These 3rd parties can make any modification to the website and communicate back and forth between the browser and themselves without any monitoring or oversight. If they were hacked and malicious groups have gained access to the code, they can interfere directly with the browser session, steal information, introduce their own content to gain more information, present content on behalf of the website owners, and much more. From the outside, hackers are able to make this activity seem legitimate and operate for quite some time without raising any suspicion.

What makes Magecart so attractive to hackers?

We’ve heard of over 50,000 online stores that have been compromised, and there are a few main reasons for why these attacks are so attractive to hackers. Magecart attacks offer an impressive level of scalability. You only need to compromise a single piece of code by any 3rd party operating on the site to gain full access to any and every activity and impact many users.

With Magecart attacks, which are also hard to detect and prevent in advance, a small hack brings big results and there’s no need to penetrate the website’s security layers in order to collect payment data and personal information.

Going beyond 3rd party tools

When we discuss Magecart attacks, we focus on 3rd party tools as the enablers of such security breaches, but it’s important to note that the hacking process doesn’t end there. These tools, which collaborate with websites of all types and sizes, also interact with other external suppliers. There are many relationships down the chain and these interactions, once breached, put everyone involved in danger.

This also means that even the most security-driven websites, who audit and test the vulnerability of the 3rd party tools they interact with (which is in itself rare and difficult to follow through), still remain exposed through the 4th and 5th party tools these suppliers interact with. This makes the process of fully protecting websites and their users from Magecart attacks that much more challenging.

What’s at stake?

To understand the impact of Magecart attacks, we have to consider the damage they cause to both the users and companies – websites and suppliers – that are involved in the attack. It’s sometimes difficult to measure the cost of such a breach because it takes years and years for companies to rebuild their reputation, and some never quite manage to recover.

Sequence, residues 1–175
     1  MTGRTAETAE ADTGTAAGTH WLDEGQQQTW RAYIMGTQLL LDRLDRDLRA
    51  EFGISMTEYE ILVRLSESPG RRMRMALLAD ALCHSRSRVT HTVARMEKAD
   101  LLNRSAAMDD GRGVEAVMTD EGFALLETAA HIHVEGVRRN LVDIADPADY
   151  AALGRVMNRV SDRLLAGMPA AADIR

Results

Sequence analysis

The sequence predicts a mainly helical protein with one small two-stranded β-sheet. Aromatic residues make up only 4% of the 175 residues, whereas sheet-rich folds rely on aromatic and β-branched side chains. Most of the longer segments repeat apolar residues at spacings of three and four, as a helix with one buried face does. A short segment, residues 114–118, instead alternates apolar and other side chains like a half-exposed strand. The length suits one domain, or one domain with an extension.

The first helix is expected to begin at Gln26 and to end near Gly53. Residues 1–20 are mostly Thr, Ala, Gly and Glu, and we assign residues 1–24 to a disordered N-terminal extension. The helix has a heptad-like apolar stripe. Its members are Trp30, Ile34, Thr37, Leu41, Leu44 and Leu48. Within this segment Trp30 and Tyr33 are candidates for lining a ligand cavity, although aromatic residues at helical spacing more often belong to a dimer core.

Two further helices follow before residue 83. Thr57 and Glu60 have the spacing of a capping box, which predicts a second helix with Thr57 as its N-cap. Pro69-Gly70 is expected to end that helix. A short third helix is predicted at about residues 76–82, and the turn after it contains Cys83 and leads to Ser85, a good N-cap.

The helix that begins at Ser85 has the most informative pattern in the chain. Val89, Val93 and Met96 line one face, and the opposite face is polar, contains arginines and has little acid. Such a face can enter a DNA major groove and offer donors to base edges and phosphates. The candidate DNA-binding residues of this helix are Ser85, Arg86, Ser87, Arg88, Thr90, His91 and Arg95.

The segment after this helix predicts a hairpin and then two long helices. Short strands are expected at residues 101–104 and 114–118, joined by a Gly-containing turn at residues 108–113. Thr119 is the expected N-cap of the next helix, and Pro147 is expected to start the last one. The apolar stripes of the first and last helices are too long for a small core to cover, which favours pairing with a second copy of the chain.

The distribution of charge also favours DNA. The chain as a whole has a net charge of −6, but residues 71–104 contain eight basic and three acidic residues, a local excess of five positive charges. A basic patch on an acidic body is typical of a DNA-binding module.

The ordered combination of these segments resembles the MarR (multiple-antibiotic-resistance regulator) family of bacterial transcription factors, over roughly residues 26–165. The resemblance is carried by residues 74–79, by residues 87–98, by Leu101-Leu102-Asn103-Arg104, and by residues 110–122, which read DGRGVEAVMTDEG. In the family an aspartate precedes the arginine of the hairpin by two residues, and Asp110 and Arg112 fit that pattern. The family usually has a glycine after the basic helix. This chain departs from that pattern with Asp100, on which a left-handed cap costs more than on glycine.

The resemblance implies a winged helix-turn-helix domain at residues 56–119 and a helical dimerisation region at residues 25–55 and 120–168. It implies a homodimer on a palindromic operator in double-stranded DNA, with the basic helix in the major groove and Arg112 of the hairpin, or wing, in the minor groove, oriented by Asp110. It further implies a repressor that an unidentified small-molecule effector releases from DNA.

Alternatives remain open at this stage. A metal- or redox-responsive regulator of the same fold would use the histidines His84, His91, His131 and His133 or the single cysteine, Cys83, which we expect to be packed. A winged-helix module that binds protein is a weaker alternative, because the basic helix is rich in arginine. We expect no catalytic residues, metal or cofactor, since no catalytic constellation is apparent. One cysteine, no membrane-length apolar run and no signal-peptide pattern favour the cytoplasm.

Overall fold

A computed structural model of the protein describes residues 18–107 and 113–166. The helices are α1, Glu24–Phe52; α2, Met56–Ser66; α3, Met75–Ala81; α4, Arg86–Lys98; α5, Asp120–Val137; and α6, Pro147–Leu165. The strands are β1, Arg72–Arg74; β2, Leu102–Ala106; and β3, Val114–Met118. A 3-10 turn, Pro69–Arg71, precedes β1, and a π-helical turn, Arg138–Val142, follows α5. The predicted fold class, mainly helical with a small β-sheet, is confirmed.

Techrabbit, for example, was attacked 3 times within 3 weeks in 2018. Can we really put a price tag on the PR and reputation-recovery efforts needed to clean up after such a crisis? There are also operational costs and legal ones, especially in areas where privacy regulation is more advanced.

For users, damages include the payment information that was stolen, as well as their private data and how both might be used following the attack. Hackers can use this information for identity theft, phishing and malware attacks against them and others, and more.

Another factor we must consider is the overall time it takes to discover and mitigate the attacks. Since Magecart hacking is so hard to detect, it might take a significant period of time to discover. In fact, research conducted regarding this topic by security expert Willem de Groot revealed that the average Magecart attack on a typical eCommerce website lasts 12.5 days. Even then, there’s a good chance that the same site will be hit again and again, as we’ve seen in the case of Techrabbit. Overall, it’s safe to say that the implications are considerable in terms of cost, for all parties affected.

Leading by example

To better understand how Magecart attacks work, let’s follow a simulated example we’ve conducted on the Plume website.